So what happens after a research cruise? Firstly, I'm hoping to be able to do some troubleshooting for the researchers who are on Leg 2. The current (at least, it was current when I got off!) method for mosaicking the images has been great at aligning them along-track (along the horizontal line we imaged), but between the tracklines there's been quite a bit of offset and the dataset is so massive (one image every eight seconds for 30+ hours) that hand-correcting these errors would not only be incredibly frustrating, but it would also take forever. Shortly before I left I volunteered to look at existing programs for aerial systems to see if we couldn't adapt one of them to meet our purposes. It's nice to have this to do, since I won't be able to make much more headway on my project until the boat re-docks in Seattle in September- it's my thesis project, so I'll be working on it (at least the paper/presentation part) until December.
Once the boat gets in, however, my life will be busy! I'll be working with the survey images over two sites that I picked (the site of where there was an active bubble plume, and the collapsed old bubble plume site) to create a photomosaic of the area. Once that's done I'll be using a mapping program to identify three types of objects in the study areas (methane seeps, bacterial mats, and megafauna) and to look for any spatial correlation. As an added component of my project I'd like to estimate a methane flux rate over my study areas, and if I'm really lucky I'll be able to use data that Evan Solomon collected on the cruise to make this estimate.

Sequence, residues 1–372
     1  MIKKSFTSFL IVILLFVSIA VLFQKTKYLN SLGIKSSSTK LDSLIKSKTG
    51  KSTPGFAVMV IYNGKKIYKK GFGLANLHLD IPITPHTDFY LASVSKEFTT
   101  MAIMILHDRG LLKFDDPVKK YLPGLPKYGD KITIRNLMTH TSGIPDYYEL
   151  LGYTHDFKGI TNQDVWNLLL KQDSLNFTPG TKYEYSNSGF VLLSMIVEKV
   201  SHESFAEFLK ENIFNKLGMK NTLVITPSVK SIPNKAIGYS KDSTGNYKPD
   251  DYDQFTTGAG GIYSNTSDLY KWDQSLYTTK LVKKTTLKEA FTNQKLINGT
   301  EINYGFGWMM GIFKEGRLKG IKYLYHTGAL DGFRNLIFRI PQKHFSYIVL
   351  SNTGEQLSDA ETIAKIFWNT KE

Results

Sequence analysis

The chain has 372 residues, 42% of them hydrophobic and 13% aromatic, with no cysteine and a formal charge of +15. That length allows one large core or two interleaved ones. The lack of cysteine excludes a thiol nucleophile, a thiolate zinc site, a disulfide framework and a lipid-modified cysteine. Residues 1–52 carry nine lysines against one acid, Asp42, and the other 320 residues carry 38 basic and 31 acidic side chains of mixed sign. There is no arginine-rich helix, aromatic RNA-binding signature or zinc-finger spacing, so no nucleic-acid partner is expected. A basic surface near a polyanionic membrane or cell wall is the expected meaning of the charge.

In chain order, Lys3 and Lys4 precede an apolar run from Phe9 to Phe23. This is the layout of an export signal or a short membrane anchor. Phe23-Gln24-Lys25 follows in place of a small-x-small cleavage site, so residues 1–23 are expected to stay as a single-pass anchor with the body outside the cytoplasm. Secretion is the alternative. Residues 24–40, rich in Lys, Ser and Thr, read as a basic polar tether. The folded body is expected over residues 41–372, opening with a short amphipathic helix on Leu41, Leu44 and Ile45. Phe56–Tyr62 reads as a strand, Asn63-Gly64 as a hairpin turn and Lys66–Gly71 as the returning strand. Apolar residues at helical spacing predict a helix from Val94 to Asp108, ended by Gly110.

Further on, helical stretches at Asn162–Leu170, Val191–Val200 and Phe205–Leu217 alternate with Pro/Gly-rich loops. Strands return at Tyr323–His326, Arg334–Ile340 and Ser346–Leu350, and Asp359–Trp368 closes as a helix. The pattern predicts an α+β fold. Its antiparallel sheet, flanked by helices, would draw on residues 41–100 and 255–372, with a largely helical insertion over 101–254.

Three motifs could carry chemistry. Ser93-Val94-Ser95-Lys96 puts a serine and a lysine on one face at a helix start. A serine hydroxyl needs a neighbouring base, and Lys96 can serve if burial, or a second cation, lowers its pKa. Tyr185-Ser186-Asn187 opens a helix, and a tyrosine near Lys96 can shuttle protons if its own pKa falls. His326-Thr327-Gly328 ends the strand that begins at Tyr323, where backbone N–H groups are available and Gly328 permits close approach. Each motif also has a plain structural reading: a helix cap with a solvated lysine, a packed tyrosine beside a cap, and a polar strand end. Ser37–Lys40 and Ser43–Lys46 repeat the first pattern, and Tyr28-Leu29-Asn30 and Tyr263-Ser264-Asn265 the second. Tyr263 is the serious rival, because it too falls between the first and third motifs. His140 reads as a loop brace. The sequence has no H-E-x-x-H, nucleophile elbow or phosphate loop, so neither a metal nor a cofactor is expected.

On a different note, it's now been five days since I got off the boat in Newport and up until very recently I'd been experiencing what I've heard referred to as 'land-sickness.' For odd little moments throughout the weekend I'd be doing something completely normal on stable ground (making my morning cup of coffee, putting my hair in a ponytail, reading) and out of the blue I would feel like I was gently rocking back and forth, just like on the boat. A bit of a tangent, but I'm curious as to what medical researchers make of this- is it completely psychological, or does your body get so physiologically adjusted to the rocking that things are skewed on land?